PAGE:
Coral Anatomy Explained: A Look at the Main Parts of a Coral Polyp
Understanding the parts of a coral polyp is essential in understanding how corals work and how they are capable of forming the primary building blocks for marine habitats. Coral reefs are based on these tiny animals, and they depend on them for maintenance and sustained construction. Despite coral polyps being small, they are not helpless or defenseless, and they have quite a robust constitution that allows them to feed, reproduce and build thriving colonies, some of which are able to last for hundreds and even thousands of years.
What Does a Coral Polyp Look Like?
The typical image of a coral polyp consists of a small cylindrical, rounded body with tentacles at the top surrounding a rather large, vertically pointed mouth opening. Polyps can be of various colors depending on the zooxanthellae they house and on the depth of their location. In the case of stony corals, their base forms their exoskeleton structure, which is often shared between many polyps to create what is known as a coral reef. In soft corals, even though no calcium carbonate exoskeleton is present, the tissues are made more resilient by skeletal elements that are named sclerites. Also, all coral polyps are connected through built-up layers of coenosarc, which in some species is quite thick, so it seems like all the connected polyps actually form a single, larger organism.
The Main Visible Components of a Coral Polyp
The main exterior parts of a coral polyp are protected by an epidermis layer similar to the skin of most animals. The epidermis houses the mesoglea at the base of the tentacles, as well as the tentacles themselves which are covered in nematocysts, similar to the case of jellyfish, for both defensive and offensive purposes. The mouth opening is often flanked by mesenteries and eight, sixteen or more tentacles, but in some cases, a 6-fold symmetry is the basis of the number of tentacles and mesenteries that a polyp might have.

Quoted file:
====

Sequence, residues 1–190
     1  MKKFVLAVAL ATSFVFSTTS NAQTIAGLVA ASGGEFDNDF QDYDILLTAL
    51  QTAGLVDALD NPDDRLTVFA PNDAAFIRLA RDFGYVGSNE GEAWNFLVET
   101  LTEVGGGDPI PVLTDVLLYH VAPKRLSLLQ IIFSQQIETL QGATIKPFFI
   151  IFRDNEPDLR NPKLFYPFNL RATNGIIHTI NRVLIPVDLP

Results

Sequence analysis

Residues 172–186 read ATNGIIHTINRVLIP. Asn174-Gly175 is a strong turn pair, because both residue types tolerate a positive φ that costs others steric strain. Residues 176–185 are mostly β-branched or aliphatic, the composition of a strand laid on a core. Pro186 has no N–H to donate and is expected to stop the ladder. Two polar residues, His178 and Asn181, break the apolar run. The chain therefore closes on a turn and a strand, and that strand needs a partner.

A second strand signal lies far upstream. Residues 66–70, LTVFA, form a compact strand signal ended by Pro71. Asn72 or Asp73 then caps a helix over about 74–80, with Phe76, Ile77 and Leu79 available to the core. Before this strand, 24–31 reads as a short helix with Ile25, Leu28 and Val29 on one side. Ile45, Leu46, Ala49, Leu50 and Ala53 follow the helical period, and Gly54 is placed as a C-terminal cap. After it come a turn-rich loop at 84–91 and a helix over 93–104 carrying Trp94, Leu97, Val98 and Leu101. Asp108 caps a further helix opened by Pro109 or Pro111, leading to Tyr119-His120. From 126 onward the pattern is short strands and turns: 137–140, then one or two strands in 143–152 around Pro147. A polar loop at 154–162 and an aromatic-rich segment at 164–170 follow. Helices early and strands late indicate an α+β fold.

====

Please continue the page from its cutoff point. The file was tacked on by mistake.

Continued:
Interior Parts of a Polyp
Inside, the stomach cavity, or the gastrovascular cavity, is much simpler than that of most animals. Polyp stomachs are equipped to digest smaller food particles that are both organic and inorganic. They are protected by a unique type of epidermis known as the gastrodermis, and they are lined with filaments that help the digestive process along with special glandular cells which are responsible for secreting the digestive enzymes required for digestion. Coral polyps have no other opening, so the mouth opening is also used to eliminate waste before the beginning of the next hunting cycle. Although there is much more to speak of regarding the complexity of a coral’s anatomy, these are the main processes and parts of a coral polyp.